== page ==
(2) Vascular tunic. This is the middle layer of the eye and is made up of the
choroid, the ciliary body, and the iris. Altogether, these structures are called the uvea.
(a) Choroid. The choroid is the back part of the vascular tunic. It is a
thin, dark brown membrane which lines most of the internal surface of the sclera. This
membrane has many blood vessels and a large amount of pigment. The layer absorbs
light rays so they are not reflected back out of the eyeball. The blood supply in this
layer nourishes the retina. The choroid is pierced by the optic nerve at the back of the
(b) Ciliary body. The front part of the vascular tunic, the ciliary body, is
the thickest part of the vascular tunic. Ciliary processes and ciliary muscle make up this
part of the layer. The ciliary processes are made up of folds of the internal surface of
the ciliary body; these folds secrete aqueous humor (a clear, watery fluid in the front
and back chambers of the eye). The ciliary muscle is a smooth muscle that changes
the shape of the lens in order to see objects that are close or far away.
(c) Iris. The third part of the vascular tunic is the iris, a structure
composed of circular and radial smooth muscle fibers arranged in a doughnut shape.
The pupil is the black hole; light enters the eyeball through this hole.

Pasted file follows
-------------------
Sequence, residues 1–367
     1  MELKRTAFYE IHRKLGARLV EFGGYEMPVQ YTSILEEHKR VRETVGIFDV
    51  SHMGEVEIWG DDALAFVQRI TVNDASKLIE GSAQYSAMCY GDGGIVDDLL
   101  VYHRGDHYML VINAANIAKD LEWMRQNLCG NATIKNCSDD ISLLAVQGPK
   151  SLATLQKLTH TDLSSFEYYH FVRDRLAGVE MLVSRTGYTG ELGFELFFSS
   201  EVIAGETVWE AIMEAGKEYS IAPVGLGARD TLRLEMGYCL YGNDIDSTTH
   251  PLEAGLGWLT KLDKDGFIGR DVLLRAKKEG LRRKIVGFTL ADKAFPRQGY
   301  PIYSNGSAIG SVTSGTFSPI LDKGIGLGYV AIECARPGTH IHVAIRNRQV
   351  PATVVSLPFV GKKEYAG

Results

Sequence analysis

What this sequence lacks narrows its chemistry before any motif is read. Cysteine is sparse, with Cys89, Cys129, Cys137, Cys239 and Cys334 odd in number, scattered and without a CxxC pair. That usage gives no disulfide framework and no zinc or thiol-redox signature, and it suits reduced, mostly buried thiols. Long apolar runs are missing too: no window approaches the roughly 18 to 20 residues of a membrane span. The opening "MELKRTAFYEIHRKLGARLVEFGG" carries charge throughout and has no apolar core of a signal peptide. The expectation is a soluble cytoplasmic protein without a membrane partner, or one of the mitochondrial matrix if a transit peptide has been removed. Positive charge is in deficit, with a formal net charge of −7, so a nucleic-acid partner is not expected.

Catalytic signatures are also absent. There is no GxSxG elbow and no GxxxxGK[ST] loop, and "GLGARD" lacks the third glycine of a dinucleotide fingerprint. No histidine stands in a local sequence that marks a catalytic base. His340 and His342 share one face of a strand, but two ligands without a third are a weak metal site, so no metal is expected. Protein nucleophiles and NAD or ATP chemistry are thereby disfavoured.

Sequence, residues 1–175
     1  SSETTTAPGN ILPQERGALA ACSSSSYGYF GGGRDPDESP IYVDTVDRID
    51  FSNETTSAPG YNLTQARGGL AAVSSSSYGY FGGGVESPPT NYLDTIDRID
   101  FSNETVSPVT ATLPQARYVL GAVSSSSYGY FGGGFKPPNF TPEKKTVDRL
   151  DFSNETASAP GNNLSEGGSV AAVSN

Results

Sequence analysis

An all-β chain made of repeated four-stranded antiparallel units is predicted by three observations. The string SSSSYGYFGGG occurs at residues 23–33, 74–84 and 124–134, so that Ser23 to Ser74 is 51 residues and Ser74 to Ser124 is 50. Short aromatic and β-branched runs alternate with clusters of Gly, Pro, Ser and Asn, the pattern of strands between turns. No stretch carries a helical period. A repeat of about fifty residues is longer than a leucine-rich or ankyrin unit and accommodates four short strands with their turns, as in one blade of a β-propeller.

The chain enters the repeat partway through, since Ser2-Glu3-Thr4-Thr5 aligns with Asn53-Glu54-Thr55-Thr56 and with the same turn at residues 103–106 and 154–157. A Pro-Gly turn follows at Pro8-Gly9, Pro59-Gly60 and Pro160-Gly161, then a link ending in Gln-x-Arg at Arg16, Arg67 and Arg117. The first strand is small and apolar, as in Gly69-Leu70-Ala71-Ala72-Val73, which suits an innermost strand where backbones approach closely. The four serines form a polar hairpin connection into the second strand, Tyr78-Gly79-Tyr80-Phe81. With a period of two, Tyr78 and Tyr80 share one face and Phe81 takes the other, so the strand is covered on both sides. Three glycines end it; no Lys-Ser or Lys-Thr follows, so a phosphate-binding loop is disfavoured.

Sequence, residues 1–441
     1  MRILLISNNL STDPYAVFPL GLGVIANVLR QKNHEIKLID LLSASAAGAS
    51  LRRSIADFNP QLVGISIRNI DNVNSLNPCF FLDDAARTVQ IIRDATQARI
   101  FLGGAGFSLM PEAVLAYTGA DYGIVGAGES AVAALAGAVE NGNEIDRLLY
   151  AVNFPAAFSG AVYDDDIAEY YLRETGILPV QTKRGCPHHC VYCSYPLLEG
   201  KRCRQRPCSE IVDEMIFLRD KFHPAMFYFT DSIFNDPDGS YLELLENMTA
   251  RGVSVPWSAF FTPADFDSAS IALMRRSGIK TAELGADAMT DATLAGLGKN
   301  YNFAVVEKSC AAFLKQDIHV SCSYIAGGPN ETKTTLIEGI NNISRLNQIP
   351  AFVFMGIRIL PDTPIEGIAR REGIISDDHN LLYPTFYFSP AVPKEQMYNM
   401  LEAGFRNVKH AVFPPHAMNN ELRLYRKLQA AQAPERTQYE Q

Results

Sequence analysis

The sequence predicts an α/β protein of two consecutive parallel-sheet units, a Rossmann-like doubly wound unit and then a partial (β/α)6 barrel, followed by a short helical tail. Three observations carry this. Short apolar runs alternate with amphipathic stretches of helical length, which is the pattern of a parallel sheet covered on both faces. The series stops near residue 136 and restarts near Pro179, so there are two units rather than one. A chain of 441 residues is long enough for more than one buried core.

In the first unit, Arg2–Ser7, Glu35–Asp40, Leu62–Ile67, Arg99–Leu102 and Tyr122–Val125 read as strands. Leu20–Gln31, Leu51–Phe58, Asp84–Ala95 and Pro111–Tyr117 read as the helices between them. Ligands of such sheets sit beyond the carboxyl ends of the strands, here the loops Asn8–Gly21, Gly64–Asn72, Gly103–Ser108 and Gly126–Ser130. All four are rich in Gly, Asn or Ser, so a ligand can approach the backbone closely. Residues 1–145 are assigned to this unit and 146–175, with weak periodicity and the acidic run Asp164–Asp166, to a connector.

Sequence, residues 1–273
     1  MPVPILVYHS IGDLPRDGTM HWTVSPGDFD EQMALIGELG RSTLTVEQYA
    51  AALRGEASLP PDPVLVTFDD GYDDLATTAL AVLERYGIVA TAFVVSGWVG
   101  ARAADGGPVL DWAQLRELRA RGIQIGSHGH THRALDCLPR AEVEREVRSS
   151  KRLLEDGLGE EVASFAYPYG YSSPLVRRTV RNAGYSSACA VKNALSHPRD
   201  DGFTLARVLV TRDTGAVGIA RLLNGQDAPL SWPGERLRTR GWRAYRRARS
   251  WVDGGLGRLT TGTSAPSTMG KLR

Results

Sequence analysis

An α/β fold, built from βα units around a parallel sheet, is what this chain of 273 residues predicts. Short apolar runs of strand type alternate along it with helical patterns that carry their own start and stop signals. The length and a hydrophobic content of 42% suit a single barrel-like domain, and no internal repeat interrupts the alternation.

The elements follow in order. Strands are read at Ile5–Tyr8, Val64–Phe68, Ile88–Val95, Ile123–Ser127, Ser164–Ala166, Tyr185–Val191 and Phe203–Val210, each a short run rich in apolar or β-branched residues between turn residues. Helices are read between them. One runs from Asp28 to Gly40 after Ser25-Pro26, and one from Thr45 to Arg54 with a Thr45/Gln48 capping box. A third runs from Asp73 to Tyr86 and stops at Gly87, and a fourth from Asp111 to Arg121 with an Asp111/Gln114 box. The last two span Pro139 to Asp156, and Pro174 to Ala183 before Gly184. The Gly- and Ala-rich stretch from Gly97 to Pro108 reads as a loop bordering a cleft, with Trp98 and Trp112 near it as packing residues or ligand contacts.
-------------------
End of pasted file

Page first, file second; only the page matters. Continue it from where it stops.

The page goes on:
(3) Retina (nervous tunic). The retina is the third and inner layer of the eye.
It covers the choroid and consists of an inner nervous tissue layer and an outer
pigmented layer. The pigmented part of the layer extends over the back of the ciliary
body and the iris and is the nonvisual part of the retina. This layer also contains three
zones of neurons which conduct impulses. These zones of neurons are called the
photoreceptor neurons, the bipolar neurons, and the ganglion neurons. Photoreceptor
neurons contain rods and cones, so named because of their shape. Rods, specialists in
dim-light vision, allow us to distinguish between different shades of dark and light and
let us see shapes and movement. Cones permit us to see color and are specialists in
daylight vision. The optic disc is located in this area and is a blind spot with neither rods
nor cones. It is here that the optic nerve leaves the eyeball.
c. Blood Vessels. The structures of the eye include blood vessels, layer
vessels in the sclera, and capillaries in the retina.
d. Cavities and Humor. The anterior cavity of the eye is anterior to the lens.
The anterior chamber is anterior to the iris and posterior to the cornea. The posterior
chamber is posterior to the iris and anterior to the lens. The anterior cavity contains the
aqueous humor secreted by the ciliary body. Too much aqueous humor results in
glaucoma. The posterior cavity of the eye is posterior to the lens and suspensory
ligaments and anterior to the retina. This cavity contains gelatinous substances called
vitreous humor which maintain the globular shape of the eyeball.